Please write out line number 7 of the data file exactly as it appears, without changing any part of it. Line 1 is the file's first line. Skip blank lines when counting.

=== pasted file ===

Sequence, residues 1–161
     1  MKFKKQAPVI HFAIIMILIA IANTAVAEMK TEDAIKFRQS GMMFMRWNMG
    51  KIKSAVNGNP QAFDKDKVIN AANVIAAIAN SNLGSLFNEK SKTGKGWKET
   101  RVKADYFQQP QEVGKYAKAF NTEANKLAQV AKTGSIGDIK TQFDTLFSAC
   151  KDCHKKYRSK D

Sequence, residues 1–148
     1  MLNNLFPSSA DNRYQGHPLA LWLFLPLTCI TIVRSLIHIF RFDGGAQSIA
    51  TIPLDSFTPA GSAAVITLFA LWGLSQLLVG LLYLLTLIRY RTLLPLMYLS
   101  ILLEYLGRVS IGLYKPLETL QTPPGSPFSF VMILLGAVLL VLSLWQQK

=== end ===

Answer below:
     1  MLNNLFPSSA DNRYQGHPLA LWLFLPLTCI TIVRSLIHIF RFDGGAQSIA